When Cyberspace Becomes a Cyber Battleground

Paul Meyer on the worrisome top secret U.S. presidential directive regarding offensive cyber operations abroad that was leaked to the Guardian.

By: /
13 June, 2013
Paul Meyer
By: Paul Meyer
Adjunct professor of international studies, Simon Fraser University

So-called “transparency” measures have long featured in international security discourse as a means of promoting confidence amongst states through publishing details of policies and capabilities. In what might be considered the greatest, unintended “transparency” measure of recent times, a top secret U.S. “Presidential Decision Directive (PDD)” on cyber operations was published in the Guardian newspaper.

The 18-page document of PDD 20, which was issued to the national security establishment last October, sets out in great detail the procedures to govern American cyber action abroad. Specifically it envisages cyber collection (i.e. espionage) and “cyber effects operations”. This latter category encompasses a variety of detrimental action against foreign computers, information, and cyber infrastructure, ranging up to their actual destruction. The category is further divided into defensive and offensive cyber effects operations as a function of whether the action is taken to counter an “imminent threat” or “malicious cyber activity” in the defensive mode, or to pursue other national interests in the offensive mode. Whether this distinction will be meaningful to those operating the computer systems targeted is not considered in the PDD, and relevant issues such as who will make these determinations and on what basis are also not spelled out.

If such provisions for damaging cyber operations abroad are disconcerting for those wishing to preserve cyberspace for peaceful purposes, the upper rungs of the cyber ladder of escalation are truly alarming. Cyber effects operations that will result in what the PDD euphemistically terms “significant consequences” allow for actions causing “loss of life” and “significant damage to property”, although this level of operation would require presidential approval.

Although the PDD states that these external cyber effects operations will be carried out by the U.S. in a manner “consistent with its obligations under international law”, there seems scant consideration to the implications of these operations for the international security landscape. It is true that as part of the decision criteria specified for the approval of operations, certain internationally-relevant “risk” factors are mentioned, such as the establishment of “unwelcome norms of international behavior” and “the impact on the security and stability of the Internet”, but there is no indication of what weight these factors would have in relation to others. The PDD, in a top-secret paragraph, calls for the identification of potential targets of national importance “where offensive cyber effects operations can offer a favorable balance of effectiveness and risk, as compared with other instruments of national power” and directs that relevant offensive cyber effects capabilities against these targets be “established and maintained”.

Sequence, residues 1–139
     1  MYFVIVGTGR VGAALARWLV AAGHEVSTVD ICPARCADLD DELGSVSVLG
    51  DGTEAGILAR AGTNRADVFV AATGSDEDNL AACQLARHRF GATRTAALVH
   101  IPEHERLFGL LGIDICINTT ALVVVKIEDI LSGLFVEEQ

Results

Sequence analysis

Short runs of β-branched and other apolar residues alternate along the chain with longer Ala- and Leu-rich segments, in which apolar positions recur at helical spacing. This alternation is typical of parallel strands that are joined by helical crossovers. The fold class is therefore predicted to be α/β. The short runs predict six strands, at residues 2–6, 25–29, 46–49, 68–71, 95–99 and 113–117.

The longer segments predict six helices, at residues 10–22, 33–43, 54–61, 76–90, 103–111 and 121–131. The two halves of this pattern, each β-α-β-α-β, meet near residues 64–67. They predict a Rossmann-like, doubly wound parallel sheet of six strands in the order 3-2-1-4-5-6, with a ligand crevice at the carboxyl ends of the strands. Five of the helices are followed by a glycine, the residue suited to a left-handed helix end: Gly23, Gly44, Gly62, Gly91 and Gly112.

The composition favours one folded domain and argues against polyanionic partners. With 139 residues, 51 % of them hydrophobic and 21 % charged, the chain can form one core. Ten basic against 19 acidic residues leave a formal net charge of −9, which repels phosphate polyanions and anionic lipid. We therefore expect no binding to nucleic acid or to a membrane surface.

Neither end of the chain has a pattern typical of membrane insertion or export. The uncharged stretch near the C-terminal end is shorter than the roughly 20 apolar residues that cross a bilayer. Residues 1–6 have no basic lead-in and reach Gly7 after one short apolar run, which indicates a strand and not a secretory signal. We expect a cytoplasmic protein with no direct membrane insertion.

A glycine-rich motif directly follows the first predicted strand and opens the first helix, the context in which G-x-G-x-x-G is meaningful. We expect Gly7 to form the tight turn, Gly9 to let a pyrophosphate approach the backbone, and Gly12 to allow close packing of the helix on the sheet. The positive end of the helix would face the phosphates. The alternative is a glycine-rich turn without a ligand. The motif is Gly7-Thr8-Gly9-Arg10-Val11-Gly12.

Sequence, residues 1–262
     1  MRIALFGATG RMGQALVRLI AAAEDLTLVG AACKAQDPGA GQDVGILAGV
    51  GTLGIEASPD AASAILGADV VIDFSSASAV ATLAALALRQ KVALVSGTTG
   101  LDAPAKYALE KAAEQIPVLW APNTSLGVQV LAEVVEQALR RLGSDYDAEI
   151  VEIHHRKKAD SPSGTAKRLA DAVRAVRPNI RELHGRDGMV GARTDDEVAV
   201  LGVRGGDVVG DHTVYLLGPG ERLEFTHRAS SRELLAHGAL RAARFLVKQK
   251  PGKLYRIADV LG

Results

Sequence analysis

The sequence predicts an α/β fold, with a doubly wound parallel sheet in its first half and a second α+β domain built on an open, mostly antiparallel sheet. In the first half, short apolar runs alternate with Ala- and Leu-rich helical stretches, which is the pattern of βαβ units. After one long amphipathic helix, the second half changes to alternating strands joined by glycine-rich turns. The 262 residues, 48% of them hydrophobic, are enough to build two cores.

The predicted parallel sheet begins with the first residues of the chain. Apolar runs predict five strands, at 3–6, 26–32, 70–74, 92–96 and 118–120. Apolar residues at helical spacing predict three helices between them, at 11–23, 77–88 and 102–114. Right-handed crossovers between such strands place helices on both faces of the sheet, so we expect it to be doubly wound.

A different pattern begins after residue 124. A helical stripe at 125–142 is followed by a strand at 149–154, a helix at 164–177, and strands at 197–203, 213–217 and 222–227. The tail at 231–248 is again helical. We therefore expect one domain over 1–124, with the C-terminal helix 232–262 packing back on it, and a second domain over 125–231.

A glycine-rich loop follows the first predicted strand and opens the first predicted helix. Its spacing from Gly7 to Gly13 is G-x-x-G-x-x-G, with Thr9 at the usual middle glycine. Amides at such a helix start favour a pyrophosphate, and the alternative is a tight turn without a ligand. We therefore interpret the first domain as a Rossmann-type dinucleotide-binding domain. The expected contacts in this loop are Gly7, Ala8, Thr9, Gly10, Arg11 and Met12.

Essentially absent from this comprehensive guidance on the employment of damaging cyber operations in other countries is a diplomatic dimension. The only reference is a passing mention of the secretary of state who is to continue efforts “to establish an international consensus around norms of behavior in cyberspace”. It is likely that the revelation of these procedures for engaging in damaging cyber operations coupled with the growing offensive cyber capabilities being heralded by the U.S. military will overshadow the limited calls made earlier by Washington for developing “norms of responsible state behavior” within the international system.

Other states are likely to take their lead from U.S. policy and action in this new field of international security. If the trend will be towards creating offensive cyber capabilities and “weaponizing” cyberspace, other states will follow suit and an opportunity to preserve cyberspace as a domain for international cooperation rather than conflict may be lost. Civil society as the primary stakeholder in cyberspace cannot afford to be indifferent to which course of action is followed.

One can only hope that a consequence of the unintended revelation of America’s policy on waging cyber warfare abroad will be renewed efforts to forestall these contingencies through the negotiation by states of some cooperative security measures.

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